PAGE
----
Today, 06/14/2017, the Fed raised interest rates from a band of .75% to 1% to 1% to 1.25%. This was widely expected and already priced in for the most part in the markets. You can read about it here:
What does this mean to you as a consumer? That depends on which angle. The markets in the US immediately took a dip, which actually kept mortgage rates lower. Remember, when the Fed changes rates, they only change the rates that banks charge each other for bank to bank loans, but this has a ripple effect throughout the economy by boosting rates that savers will earn with money in a bank, but also boosting rates on credit cards and other shorter term loans.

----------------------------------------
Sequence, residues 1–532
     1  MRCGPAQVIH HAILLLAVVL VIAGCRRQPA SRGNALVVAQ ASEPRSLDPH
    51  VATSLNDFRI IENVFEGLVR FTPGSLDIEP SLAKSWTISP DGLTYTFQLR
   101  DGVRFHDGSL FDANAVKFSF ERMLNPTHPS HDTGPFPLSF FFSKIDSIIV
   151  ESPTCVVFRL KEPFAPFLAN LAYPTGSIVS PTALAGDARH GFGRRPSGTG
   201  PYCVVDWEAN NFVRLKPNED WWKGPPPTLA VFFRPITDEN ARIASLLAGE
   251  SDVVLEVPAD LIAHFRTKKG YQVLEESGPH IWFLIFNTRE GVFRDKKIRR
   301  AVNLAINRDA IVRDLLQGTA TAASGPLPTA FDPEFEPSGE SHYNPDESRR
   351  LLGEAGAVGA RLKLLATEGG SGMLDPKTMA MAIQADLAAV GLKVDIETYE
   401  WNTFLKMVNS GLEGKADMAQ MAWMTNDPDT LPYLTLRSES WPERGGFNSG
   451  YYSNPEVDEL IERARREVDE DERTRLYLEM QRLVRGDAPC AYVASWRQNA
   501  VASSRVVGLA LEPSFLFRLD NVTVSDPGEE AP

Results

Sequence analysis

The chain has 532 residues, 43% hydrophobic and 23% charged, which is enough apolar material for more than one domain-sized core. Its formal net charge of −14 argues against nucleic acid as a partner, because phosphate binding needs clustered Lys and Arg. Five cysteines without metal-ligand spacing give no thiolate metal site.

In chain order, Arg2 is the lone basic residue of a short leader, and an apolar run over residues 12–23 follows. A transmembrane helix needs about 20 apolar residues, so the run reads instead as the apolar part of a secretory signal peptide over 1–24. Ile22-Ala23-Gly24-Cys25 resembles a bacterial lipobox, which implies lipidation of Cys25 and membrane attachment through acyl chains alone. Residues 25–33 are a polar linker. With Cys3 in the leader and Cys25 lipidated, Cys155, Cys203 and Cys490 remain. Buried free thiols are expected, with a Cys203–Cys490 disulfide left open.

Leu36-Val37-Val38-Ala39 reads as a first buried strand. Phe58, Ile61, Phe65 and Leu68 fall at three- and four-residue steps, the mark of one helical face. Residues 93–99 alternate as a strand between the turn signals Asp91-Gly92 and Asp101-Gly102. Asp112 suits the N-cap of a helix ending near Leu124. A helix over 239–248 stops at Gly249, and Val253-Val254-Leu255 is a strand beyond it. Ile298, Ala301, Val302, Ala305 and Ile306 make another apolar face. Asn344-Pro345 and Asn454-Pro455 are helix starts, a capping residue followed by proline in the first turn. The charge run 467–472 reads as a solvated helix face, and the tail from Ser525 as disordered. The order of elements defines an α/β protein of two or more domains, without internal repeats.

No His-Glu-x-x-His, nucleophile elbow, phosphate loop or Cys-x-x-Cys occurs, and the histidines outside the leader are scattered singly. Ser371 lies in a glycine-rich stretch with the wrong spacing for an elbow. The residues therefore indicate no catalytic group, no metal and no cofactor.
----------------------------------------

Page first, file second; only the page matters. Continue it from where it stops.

So, if you are thinking about a mortgage, you may want to jump on that quickly, or you may miss out on historically low rates. If you have credit card debt, pay it off. Start saving more, and if you work with me on investing advice, you know we take a passive approach to investing, so the long term investing plans we lay out for you may see some ups and downs. However, they are long term, so stay the course, and keep saving and investing to reach your financial goals!